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How Vietnam Veterans Memorial Bridge led to $20,000 grant for this Richmond

Darren Simmons: 'A kind word often goes unsaid, but never goes unheard'
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Posted at 5:57 PM, Oct 05, 2022

RICHMOND, Va. -- Darren B. Simmons, a 79-year-old Army veteran from Massachusetts, has a smile on his face as he sits in the lobby of Liberation Veteran Services (LVS) in Richmond's Manchester neighborhood.

The 38-bed shelter is his new home, after experiencing months of homelessness.

"I went to Walmart, got a pillow, blanket, one of those mattress pads. Tried to make it work. Because if you sleep on the grass, you wake up in the morning, and your stuff is wet because of the dew on the ground," Simmons said.

A phone call brought him to LVS.

"I said, 'A bed? Food? You know, a place to sleep?' I took all advantage of that," Simmons said.

Every year, LVS assists about 100 veterans get the housing and health care they need.

Every week, dozens of those in its care receive free transportation to and from the McGuire VA Hospital, where many of them receive physical and mental health support.

But as of now, the nonprofit has only one working vehicle, a donated minivan that often gives driver Toni Hutchinson trouble.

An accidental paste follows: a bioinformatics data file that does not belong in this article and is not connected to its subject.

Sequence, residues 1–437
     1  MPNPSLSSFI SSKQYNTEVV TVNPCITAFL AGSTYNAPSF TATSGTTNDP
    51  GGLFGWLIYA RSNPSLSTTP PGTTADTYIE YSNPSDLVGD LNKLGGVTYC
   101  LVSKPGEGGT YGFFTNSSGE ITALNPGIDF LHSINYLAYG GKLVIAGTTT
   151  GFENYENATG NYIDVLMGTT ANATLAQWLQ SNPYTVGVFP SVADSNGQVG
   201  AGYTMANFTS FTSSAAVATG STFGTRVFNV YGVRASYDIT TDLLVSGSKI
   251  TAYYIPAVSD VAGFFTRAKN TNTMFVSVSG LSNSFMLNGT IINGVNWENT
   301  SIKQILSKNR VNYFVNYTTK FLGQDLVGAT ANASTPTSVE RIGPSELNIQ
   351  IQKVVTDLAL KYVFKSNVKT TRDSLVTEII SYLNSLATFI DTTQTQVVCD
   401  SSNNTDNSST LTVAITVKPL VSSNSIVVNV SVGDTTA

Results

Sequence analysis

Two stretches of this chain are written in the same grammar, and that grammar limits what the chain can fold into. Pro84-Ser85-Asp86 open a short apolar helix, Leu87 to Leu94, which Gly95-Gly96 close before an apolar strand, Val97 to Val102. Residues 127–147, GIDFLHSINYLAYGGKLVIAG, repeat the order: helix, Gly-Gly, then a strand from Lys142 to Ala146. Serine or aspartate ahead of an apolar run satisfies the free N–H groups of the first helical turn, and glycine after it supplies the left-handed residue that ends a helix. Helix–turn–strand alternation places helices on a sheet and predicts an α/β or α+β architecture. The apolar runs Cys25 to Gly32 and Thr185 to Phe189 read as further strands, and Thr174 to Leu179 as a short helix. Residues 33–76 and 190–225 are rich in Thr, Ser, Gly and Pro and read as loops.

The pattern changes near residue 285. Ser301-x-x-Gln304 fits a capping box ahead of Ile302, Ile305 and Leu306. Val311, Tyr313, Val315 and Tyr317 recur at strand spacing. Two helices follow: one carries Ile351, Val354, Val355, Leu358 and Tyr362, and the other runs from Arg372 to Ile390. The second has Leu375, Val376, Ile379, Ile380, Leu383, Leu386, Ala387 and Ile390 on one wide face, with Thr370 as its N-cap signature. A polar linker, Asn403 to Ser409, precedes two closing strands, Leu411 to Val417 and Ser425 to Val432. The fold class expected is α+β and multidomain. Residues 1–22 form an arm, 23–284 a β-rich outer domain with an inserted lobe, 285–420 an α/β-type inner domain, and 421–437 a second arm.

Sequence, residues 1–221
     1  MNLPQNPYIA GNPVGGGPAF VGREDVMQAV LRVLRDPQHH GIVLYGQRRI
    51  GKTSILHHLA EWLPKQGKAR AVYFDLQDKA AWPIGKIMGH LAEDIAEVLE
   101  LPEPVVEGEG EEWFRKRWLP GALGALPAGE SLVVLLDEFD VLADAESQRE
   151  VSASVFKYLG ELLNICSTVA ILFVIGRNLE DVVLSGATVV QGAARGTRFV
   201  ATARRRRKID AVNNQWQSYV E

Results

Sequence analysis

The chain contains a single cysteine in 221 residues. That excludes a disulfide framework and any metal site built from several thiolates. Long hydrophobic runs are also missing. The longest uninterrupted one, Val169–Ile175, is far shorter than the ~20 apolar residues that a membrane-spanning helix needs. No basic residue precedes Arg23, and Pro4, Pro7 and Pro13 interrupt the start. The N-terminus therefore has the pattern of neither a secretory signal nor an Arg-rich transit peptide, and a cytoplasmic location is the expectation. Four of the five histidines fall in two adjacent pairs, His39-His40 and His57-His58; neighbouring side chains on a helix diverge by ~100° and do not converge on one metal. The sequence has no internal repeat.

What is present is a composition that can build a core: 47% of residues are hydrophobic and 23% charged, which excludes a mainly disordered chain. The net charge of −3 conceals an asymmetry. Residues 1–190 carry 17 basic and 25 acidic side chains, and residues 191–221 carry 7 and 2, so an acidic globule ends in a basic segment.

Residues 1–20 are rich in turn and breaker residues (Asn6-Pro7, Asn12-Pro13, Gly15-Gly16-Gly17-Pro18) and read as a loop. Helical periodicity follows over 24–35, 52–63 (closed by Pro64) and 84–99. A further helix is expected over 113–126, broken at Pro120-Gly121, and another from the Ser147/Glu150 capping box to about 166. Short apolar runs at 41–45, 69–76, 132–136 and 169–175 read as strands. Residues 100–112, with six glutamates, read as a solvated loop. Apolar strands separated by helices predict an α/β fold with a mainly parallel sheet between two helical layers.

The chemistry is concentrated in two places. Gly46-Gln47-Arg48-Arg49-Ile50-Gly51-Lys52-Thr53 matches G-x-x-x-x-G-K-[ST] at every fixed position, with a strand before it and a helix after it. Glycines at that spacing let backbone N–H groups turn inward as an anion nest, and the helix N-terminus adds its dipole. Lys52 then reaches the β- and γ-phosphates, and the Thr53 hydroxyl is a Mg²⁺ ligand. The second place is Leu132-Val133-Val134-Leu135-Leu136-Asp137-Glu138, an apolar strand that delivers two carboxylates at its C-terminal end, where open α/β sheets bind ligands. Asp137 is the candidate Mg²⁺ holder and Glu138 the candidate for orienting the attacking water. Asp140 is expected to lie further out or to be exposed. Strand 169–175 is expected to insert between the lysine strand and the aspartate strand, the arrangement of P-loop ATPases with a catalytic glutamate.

"The engine light's on, air pump light on, we need a new vehicle," Hutchinson said as he drove his normal route to the hospital.

"We use it when somebody's transitioning to housing. This is our U-Haul too," Hutchinson said. "Really. We let the seats down and we have to make multiple trips to get all their stuff to where they're going."

Hutchinson said he sees dozens of veterans in Liberation's care like Simmons that struggle to get around using the city's bus system, many of them unaware of what routes to take or what to do if a bus service is late or stopped.

"Mr. Simmons would really be in a worse situation, where even if the bus wasn't free, you don't know your way around, it's hard to navigate these systems," Hutchinson said.

The nonprofit received a $20,000 grant from Pocahantas Parkway. The grant was presented in honor of the parkway's integral connection to the iconic Vietnam Veterans Memorial Bridge.

The money will likely be used to upgrade their transportation, but LVS founder Jay Patrick says, it's about more than just navigating veterans to and from appointments and interviews.

"It's not just transportation alone, it's the navigation that we offer as an organization because we've been learning, working with the VA hospital for the last 9 years. We know the liaisons, we know the doctors, we know the health professionals," Patrick said. "A veteran who may not have a relationship with LVS may have trouble navigating the VA, they may be on a 90-day waiting list, they may be on a six-month waiting list just waiting to get seen, whereas we have the relationship already built."

Patrick said LSV is working to build an upgraded facility to better meet its clients' needs.

Simmons said, it's the short ride to and from hospital, and wherever else he needs to go, that's a simple act of kindness, he wishes to pay forward.

“A kind word often goes unsaid, but never goes unheard," Simmons said. 

This is a developing story, so anyone with more information can email newstips@wtvr.com to send a tip.

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